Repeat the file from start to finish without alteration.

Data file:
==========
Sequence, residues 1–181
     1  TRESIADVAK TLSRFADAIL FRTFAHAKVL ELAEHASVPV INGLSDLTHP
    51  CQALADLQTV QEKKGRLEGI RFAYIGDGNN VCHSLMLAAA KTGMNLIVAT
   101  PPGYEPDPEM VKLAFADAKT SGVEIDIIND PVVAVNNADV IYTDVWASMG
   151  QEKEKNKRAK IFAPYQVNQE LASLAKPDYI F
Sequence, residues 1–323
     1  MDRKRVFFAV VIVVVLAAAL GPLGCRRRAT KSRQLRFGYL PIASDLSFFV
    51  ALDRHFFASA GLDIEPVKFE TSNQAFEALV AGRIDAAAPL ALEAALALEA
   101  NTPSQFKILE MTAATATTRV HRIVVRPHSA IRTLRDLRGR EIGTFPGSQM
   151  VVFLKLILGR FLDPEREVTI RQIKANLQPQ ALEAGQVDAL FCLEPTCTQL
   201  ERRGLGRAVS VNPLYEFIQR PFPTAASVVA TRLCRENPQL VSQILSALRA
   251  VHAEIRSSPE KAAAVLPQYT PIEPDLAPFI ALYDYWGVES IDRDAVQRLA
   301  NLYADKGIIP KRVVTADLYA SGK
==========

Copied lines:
Sequence, residues 1–181
     1  TRESIADVAK TLSRFADAIL FRTFAHAKVL ELAEHASVPV INGLSDLTHP
    51  CQALADLQTV QEKKGRLEGI RFAYIGDGNN VCHSLMLAAA KTGMNLIVAT
   101  PPGYEPDPEM VKLAFADAKT SGVEIDIIND PVVAVNNADV IYTDVWASMG
   151  QEKEKNKRAK IFAPYQVNQE LASLAKPDYI F
Sequence, residues 1–323
     1  MDRKRVFFAV VIVVVLAAAL GPLGCRRRAT KSRQLRFGYL PIASDLSFFV
    51  ALDRHFFASA GLDIEPVKFE TSNQAFEALV AGRIDAAAPL ALEAALALEA
   101  NTPSQFKILE MTAATATTRV HRIVVRPHSA IRTLRDLRGR EIGTFPGSQM
   151  VVFLKLILGR FLDPEREVTI RQIKANLQPQ ALEAGQVDAL FCLEPTCTQL
   201  ERRGLGRAVS VNPLYEFIQR PFPTAASVVA TRLCRENPQL VSQILSALRA
   251  VHAEIRSSPE KAAAVLPQYT PIEPDLAPFI ALYDYWGVES IDRDAVQRLA
   301  NLYADKGIIP KRVVTADLYA SGK